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Hunger in the North

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In Canada's territories, 1 in every 5 households skips meals because there isn't enough food in the house, or eat suboptimal food because they can’t afford better. This has drastic consequences for the health of northerners.

Hunger and food insecurity are experienced at elevated levels across the north, including northern provincial regions. This is particularly true among First Nations, Métis and Inuit populations, who are experiencing a destabilizing transition from a subsistence to a market/mixed economy. Decreased access to traditional foods and increased reliance on store-bought foods are central aspects of this transition.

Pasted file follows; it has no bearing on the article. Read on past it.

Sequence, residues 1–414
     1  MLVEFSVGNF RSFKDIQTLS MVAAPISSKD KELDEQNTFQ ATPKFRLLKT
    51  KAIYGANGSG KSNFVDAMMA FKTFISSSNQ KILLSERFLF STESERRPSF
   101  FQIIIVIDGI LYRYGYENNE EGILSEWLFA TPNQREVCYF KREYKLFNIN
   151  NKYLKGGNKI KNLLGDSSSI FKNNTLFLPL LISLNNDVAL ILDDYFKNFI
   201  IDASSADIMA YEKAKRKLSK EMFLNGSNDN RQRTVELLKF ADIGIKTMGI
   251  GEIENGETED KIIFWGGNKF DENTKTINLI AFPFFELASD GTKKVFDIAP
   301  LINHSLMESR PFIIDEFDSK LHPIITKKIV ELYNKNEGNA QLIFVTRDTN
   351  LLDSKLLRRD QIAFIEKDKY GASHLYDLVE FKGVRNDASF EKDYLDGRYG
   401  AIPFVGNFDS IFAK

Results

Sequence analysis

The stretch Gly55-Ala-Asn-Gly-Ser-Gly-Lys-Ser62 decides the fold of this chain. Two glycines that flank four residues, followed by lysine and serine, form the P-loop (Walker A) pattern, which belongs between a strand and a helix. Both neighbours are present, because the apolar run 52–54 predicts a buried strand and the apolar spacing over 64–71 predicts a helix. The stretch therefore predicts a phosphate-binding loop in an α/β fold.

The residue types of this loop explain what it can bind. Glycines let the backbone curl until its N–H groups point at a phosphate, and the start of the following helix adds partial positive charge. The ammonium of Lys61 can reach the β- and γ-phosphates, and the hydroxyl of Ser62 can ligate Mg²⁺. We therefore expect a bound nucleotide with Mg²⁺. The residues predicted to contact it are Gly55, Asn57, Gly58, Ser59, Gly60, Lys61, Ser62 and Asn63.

In the North, the cost of store-bought food can be astronomical. The high cost of food, a lack of job opportunities, high levels of poverty, and decreasing consumption of traditional foods have combined to create a serious and pressing public health emergency which we profiled in our HungerCount 2016 report.

Food insecurity in the Canadian North is nothing short of a public health emergency. Food Banks Canada has created two policy papers that address this issue, and which put forward policy recommendations to increase food security for northerners. 

Is Nutrition North Canada on Shifting Ground?

What Will it Take to Make Real Progress on Northern Food Security?

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Hunger Facts

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38%

of food distributed by Canadian food banks is fresh (eg. milk, eggs, fresh or frozen fruits and vegetables, bread)